To answer a research question, if numbers and statistics are required to explain, describe or quantify one or more phenomena, turn to quantitative research methods. Use data collection techniques such as surveys or polls.

Data collection in quantitative research

Surveys and polls are data collection methods used in quantitative research. For example, you may want to conduct a survey to determine the level of access a community’s population has to traditional food. To find out the exact number of people who consume this diet, a questionnaire can be sent to all households in the community.

Likewise, polls can assist in finding out the opinion of a population on a specific topic. To survey large groups, statistical tools and personnel are usually needed. Some companies specialize in this kind of research. However, even with limited resources it is possible to conduct a poll of your own. For example, you could go to every dwelling in a community and ask very specific questions on a predetermined topic, then compile the responses to obtain accurate data. It is best to have very few questions (one or two) and they should be simple and direct to leave no room for different interpretations.

Thus, to find out the level of access to traditional food, you could ask: Have you eaten wild meat in the past month? If yes, how many times?

Can quantitative research and qualitative research go hand in hand?

Conducting interviews with one or more individuals who do have access to traditional food and with others who do not (qualitative research), can help delve further into the question, but it will not answer the initial question. Interviews can provide a way to understand how people who consume traditional food stock up and explain why others do not have access. Qualitative and quantitative research are not in opposition. They are merely two distinct ways to get different types of information. Quantitative research aims to know, while qualitative research is more interested in understanding phenomenon.


There is a whole science to generating samples, especially when it comes to polls. For instance, when the aim is to predict an election outcome, it is important the number of respondents be high enough for results to be generalizable to the entire population. Obviously, not every elector from Quebec or Canada can be surveyed. A sample is required, a specific number of people deemed “representative” of the entire country. When creating such a sample, ensure the people identified represent in a proportional way the characteristics of the population being surveyed. For example, this could mean asking an equal number of men and women, seniors and youth, people of varied economic status, etc. The characteristics chosen will depend on the population being surveyed. This will further refine result analysis allowing, for example, to give accurate statistics on the sample’s subsets contacted (x women think the following; while respondents older than 50 think something else).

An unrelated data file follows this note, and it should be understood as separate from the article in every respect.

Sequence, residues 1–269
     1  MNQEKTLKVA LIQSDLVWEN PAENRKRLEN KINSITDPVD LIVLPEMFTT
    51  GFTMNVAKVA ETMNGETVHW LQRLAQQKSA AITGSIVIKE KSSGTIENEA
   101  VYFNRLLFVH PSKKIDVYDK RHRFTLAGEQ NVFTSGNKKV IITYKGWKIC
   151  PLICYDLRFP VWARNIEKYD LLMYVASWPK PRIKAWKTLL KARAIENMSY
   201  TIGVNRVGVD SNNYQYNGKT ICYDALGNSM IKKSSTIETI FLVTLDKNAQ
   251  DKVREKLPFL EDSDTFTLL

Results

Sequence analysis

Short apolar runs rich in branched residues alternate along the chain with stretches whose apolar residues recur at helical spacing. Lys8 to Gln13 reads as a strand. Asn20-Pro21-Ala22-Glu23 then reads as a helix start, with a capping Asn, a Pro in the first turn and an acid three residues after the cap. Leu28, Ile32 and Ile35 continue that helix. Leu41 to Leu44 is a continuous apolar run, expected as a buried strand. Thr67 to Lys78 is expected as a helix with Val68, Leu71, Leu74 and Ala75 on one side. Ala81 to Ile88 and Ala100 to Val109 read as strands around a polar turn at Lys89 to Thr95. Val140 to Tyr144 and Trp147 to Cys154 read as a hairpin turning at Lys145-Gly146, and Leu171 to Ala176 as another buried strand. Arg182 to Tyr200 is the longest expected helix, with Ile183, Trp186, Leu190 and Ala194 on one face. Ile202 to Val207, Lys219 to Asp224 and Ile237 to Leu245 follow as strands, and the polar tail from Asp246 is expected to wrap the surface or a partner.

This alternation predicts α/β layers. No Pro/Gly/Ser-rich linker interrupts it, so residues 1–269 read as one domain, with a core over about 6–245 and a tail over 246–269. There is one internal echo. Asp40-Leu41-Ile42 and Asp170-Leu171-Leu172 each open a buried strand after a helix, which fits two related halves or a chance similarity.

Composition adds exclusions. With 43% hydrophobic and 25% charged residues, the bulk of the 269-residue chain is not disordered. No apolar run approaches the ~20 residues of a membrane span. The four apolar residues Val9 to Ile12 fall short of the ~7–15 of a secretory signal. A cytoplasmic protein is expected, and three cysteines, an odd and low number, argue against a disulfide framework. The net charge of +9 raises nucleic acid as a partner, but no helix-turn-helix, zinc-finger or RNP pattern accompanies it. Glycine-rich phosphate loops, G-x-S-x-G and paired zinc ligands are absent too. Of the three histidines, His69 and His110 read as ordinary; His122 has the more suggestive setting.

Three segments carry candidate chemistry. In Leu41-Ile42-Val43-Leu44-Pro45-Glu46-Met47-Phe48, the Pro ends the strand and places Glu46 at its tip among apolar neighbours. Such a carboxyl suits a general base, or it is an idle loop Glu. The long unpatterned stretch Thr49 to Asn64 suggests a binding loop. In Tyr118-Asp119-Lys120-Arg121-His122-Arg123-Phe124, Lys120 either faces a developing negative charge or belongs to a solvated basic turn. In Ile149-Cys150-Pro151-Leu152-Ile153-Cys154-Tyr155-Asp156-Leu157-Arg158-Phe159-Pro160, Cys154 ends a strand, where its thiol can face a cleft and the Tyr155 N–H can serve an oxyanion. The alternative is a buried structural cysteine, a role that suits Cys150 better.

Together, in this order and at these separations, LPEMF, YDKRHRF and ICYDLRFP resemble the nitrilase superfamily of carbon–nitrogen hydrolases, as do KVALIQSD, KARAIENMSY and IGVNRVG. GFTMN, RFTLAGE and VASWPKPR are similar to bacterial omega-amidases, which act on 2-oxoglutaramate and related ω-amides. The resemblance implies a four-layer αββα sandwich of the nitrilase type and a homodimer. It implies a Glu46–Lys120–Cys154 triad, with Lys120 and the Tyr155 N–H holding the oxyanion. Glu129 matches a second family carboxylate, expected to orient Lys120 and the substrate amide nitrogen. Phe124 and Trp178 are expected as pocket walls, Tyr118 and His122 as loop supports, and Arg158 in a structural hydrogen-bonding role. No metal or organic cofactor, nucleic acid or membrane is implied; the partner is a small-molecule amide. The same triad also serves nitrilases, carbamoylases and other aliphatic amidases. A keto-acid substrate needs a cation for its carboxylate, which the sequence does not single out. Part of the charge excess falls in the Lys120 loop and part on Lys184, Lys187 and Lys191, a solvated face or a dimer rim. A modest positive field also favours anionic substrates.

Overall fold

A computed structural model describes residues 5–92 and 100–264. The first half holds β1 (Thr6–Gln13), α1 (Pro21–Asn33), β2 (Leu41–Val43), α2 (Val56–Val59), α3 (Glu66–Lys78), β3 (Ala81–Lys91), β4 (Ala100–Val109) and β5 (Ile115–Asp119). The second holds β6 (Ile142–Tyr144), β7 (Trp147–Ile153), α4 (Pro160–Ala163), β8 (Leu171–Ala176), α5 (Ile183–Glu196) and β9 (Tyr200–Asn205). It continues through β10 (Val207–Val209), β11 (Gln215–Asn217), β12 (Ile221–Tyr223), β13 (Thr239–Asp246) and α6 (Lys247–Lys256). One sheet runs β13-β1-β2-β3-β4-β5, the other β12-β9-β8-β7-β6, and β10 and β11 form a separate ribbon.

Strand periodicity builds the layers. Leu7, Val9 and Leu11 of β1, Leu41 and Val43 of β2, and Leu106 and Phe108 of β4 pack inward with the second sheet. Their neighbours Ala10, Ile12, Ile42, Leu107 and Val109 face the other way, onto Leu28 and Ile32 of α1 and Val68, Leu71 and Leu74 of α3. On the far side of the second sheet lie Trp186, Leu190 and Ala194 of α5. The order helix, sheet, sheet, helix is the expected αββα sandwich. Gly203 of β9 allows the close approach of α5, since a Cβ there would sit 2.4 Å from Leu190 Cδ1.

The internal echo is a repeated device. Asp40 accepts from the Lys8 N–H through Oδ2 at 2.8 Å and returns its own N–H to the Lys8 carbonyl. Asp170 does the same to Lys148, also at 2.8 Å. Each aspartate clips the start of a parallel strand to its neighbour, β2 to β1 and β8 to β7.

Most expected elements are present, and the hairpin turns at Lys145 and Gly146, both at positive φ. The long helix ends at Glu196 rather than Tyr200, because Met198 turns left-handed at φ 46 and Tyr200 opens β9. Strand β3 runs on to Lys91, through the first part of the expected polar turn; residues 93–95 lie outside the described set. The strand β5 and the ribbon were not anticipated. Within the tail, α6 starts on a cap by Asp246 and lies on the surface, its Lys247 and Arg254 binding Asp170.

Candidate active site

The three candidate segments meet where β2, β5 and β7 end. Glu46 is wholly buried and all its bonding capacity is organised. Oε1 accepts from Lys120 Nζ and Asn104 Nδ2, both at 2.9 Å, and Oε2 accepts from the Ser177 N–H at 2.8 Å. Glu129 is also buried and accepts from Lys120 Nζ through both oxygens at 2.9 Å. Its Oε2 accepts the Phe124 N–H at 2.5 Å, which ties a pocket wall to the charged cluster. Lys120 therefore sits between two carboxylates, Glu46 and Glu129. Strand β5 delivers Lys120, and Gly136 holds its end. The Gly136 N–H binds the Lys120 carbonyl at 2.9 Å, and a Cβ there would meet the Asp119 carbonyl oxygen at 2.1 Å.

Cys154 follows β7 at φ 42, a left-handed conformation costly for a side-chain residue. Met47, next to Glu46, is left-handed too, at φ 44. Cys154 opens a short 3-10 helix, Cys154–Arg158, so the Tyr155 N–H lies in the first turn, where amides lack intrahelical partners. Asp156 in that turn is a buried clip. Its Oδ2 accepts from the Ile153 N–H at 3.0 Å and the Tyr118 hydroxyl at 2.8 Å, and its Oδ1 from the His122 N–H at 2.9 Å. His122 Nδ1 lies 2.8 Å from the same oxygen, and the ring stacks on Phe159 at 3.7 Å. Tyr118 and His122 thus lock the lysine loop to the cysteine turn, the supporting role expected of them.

Designing a Questionnaire

A questionnaire can be a written form that all respondents fill out, thereby ensuring all research participants answer the same questions. Statistics can be drawn from these responses because they are comparable and then tallied up. Questions should be chosen with care and be based on the research question. For example: Do you want a new school in the community? Yes or No? Are you willing to pay a tax to build and maintain it? Yes or No?

By counting all the Yes responses, you will know how many people want a new school. By counting all the No responses, you will know how many do not. The response to the second question will indicate if people are willing or not to pay for the new school.

Administering a questionnaire

There are several ways to administer (to give) a questionnaire: mailing it out with a deadline to respond (to ensure participation, a prepaid response envelope should be included with the package); surveying by telephone; distributing questionnaires door-to-door with a time specified for pick up; conducting them in person, dwelling by dwelling; or even going to an event or place to reach a large number of people with the characteristics of the survey population. Each method has its pros and cons: mailings are more uncertain and expensive, but less time consuming; conducting them in person at each dwelling and writing the answers yourself ensure the desired response rate, but does not respect anonymity; distributing them in person to each dwelling, letting people fill out the questionnaire, and then returning to pick up questionnaires in sealed envelopes, are all very time consuming, but would ensure a better response rate.

Remember to come up with a system to ensure anonymity by numbering the questionnaires or use any other method to achieve this.

Data Compilation

The objective of quantitative research is to measure, usually with numbers and statistics. There is software to accomplish this and to input all data. But these tools are probably not within the reach of most community researchers. In a small community, it is possible to count survey or poll responses without computer assistance. But as stated above, it is important to limit the number of questions so that analysis is easier afterwards.

When embarking on quantitative research, unless it concerns a small in-house survey, it is best to consult specialized technicians. Not only when creating the sample, but consult them also on software data compilation. This will ensure the rigour and validity of responses.

Assess the resources required to successfully complete the survey (technical, time, funding);

Ensure the sample is representative (by identifying the criteria to describe the population to be surveyed) or aim to survey all community members;

Think about the best ways to obtain a good response rate;

Count all responses manually or with specialized software;

Ensure the confidentiality of responses.